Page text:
Running With Newton

Bert - Christina - Adrienne

Bert – Christina – Adrienne


Last March, I wrote a blog about Newton Running Shoes – specifically I wrote about Newton Running Shoes and Writing – click here to read it.  Newton, a running shoe manufacturer, located in Boulder, Colorado, isn’t a household name in running shoes, although, it is a name that is becoming a known commodity among serious runners.

I suppose I could be classified as a serious runner, at least if longevity in the sport has anything to do with it.  This is my 34th year of running.  I don’t race.  In fact I don’t even run in the daylight.  I’m not a vampire.  I am one of a small group, in the running community which I refer to as night runners.

We’re the people you see running along the side of road at all hours of the night.  Normally we wear reflective gear and often carry flashlights.  We startle people who have had one or more, too many drinks, or are just not paying attention.  Some of us night runners even get upset when a driver doesn’t see us.  Face it, a hundred and seventy or eighty pounds of flesh and bone against four thousand pounds of steel and plastic is hardly a fair competition – that’s like Alabama vs. Notre Dame, or Alabama vs. LSU, or Alabama vs. Texas – well, you get the picture, and this blog isn’t about football or even night running.

I’m writing to tell you about the greatest running shoe ever built, and to ask a question.

Newton Running Shoes, developed by Danny Abshire, a pioneer in forefoot running, are different.  For all practical purposes, all other brands are built for heel strikers, which means, just what it says.  Runners have been taught to land on their heels, which isn’t natural, for human beings.  And, with practically every running shoe, other than Newton, it’s impossible to land any other way.  Heel striking alone is the cause of almost all of runners’ injuries.  I know because I was an injured runner for more than twenty-five years.  Now, at age 70, I run over 1,200 miles a year, and I do it without orthotics, without knee braces, and without pain.  I do it because of Newton Running Shoes.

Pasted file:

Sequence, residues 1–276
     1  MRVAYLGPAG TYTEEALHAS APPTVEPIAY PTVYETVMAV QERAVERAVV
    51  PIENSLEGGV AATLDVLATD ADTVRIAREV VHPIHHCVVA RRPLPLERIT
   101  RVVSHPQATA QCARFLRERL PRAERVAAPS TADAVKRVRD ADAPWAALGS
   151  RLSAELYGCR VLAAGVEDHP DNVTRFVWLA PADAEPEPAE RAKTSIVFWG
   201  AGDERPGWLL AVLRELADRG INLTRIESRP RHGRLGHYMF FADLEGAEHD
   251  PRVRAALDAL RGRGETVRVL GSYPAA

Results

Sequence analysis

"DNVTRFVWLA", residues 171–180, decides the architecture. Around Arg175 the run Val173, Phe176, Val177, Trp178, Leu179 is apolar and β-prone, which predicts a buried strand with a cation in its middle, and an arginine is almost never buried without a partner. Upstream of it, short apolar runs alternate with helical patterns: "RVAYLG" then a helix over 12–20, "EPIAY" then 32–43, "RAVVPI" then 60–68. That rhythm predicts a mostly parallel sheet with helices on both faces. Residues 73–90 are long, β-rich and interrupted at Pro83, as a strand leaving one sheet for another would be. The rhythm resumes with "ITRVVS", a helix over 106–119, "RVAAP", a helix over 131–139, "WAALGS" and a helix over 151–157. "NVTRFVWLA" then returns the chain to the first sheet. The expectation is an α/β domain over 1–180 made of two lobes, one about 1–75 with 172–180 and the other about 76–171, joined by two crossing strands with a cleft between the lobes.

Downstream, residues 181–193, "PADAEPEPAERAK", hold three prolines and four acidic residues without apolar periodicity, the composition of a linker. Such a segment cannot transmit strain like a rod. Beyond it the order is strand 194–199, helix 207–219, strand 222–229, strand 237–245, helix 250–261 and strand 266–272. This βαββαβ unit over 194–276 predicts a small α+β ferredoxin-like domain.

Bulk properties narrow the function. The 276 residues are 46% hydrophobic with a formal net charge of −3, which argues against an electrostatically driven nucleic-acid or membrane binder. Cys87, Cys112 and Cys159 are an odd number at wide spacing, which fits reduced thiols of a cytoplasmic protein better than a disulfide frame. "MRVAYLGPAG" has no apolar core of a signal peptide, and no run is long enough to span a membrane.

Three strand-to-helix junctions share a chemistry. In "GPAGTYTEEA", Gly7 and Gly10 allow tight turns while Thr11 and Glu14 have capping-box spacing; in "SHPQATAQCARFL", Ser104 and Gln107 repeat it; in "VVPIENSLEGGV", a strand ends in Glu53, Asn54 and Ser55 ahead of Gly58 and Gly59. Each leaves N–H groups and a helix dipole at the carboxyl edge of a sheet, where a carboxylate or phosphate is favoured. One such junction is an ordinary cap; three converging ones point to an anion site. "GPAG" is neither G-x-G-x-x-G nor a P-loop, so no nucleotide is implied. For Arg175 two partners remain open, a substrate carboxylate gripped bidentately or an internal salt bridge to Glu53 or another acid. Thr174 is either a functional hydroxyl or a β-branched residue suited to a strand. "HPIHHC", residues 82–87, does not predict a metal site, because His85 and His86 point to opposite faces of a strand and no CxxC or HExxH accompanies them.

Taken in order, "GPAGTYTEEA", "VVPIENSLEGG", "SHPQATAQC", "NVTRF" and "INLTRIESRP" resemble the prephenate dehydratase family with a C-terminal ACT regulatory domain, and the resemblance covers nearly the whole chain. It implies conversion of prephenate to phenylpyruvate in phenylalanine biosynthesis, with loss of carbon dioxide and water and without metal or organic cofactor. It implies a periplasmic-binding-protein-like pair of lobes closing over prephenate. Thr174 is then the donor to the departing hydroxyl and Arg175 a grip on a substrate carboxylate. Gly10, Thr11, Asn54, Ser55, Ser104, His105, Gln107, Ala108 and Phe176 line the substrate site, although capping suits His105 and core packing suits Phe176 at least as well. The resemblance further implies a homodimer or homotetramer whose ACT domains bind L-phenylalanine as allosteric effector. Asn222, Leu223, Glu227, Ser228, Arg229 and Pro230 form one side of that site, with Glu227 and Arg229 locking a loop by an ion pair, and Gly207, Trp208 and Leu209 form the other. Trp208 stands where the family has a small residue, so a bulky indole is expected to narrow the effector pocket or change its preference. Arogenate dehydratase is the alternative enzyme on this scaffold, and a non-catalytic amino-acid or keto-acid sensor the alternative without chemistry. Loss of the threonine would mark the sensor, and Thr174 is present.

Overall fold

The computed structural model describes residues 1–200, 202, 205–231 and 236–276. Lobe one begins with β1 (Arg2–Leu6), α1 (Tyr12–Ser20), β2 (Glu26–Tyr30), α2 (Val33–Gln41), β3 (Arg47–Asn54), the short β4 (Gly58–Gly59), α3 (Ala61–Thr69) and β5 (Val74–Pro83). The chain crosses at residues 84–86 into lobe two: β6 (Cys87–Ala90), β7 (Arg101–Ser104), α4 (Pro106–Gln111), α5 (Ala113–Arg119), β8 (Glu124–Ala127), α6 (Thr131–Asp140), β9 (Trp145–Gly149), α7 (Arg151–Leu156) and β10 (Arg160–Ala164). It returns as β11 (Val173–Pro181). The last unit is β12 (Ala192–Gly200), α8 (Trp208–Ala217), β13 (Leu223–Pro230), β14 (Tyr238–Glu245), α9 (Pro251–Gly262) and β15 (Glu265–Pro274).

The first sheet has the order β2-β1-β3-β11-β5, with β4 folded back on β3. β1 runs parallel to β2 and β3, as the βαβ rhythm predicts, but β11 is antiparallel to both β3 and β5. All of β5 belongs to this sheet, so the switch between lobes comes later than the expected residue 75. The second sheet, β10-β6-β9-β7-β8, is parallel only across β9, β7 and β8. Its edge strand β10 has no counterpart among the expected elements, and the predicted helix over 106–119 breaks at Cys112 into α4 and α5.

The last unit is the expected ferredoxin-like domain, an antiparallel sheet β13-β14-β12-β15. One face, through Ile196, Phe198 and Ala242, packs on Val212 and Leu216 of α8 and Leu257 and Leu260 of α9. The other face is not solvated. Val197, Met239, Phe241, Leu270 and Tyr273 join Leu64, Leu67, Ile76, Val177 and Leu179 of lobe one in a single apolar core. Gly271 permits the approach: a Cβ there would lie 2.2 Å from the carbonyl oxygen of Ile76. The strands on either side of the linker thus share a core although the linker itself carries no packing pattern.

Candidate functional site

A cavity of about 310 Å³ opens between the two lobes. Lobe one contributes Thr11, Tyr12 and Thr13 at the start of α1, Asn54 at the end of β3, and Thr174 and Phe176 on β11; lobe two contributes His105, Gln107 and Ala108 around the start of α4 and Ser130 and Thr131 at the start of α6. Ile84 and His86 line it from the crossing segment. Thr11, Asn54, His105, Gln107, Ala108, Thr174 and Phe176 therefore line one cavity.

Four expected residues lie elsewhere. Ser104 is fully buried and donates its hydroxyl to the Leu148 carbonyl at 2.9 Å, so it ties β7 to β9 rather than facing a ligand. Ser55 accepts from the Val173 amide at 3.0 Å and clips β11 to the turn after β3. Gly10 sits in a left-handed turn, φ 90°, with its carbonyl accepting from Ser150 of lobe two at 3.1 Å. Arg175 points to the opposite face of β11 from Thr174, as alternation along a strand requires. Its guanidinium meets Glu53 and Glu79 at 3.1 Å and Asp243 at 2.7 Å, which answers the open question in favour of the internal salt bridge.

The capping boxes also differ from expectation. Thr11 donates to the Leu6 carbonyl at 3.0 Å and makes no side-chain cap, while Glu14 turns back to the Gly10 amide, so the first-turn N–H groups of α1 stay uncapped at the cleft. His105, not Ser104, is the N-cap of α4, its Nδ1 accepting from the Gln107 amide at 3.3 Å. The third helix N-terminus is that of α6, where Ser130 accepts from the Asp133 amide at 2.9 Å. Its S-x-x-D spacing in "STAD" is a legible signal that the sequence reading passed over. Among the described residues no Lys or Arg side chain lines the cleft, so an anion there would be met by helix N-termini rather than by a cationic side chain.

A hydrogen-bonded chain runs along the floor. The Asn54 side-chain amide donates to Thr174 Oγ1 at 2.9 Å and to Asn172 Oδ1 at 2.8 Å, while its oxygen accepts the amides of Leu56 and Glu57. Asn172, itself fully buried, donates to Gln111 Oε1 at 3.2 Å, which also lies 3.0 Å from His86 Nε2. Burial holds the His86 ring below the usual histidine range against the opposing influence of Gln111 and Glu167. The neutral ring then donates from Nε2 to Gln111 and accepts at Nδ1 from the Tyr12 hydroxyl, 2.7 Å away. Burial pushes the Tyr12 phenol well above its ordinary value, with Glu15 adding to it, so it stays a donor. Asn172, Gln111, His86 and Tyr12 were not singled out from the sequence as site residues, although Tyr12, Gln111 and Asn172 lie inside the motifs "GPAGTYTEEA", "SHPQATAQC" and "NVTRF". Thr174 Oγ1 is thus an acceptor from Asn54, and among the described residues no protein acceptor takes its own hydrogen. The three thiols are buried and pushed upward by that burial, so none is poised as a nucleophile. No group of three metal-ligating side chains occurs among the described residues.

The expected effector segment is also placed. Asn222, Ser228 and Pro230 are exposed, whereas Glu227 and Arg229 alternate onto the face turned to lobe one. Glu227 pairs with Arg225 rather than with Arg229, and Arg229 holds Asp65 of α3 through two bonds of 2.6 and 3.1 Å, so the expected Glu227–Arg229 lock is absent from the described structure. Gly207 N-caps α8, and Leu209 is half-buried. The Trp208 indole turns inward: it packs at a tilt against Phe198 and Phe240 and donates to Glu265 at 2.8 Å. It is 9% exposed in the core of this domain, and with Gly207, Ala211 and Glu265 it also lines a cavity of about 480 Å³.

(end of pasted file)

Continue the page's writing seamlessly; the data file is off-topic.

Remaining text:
In September, 2009, I found Newton Running Shoes.  I was surfing the web, looking for something that would ease the knee pain when I ran.  In spite of orthotics and a brace on each knee, running had become almost too painful to endure.  I don’t know what I Googled to get to Newton Running shoes but I’m glad I did.  I told Christina, my wife and also a runner, about them.  Together we shared the news with Adrienne Wall, our friend and partner.

Within a week we all had our first pair.  Last night we slipped on our latest and took them for runs.  Before we left the house, Adrienne snapped the picture (from left to right – me, Christina, Adrienne).   Like all running shoes, Newtons wear out.  In my case that happens in 225 – 250 miles.  The girls’ shoes last longer because they are obviously prettier and also because they are much lighter on their feet.  In spite of their extra shoe life, I estimate that between the three of us, we go through ten to twelve pair a year.  When I multiply that by the three plus years we’ve worn Newton’s, I figure we’ve purchased thirty to thirty-six pair since we slipped on our first ones.  At an average cost of $125.00 to $150.00 per pair, Newton’s aren’t cheap.  You can go to your local running shoe discount store and buy two pair of the flavor of the day for less than we pay for one pair of Newton’s.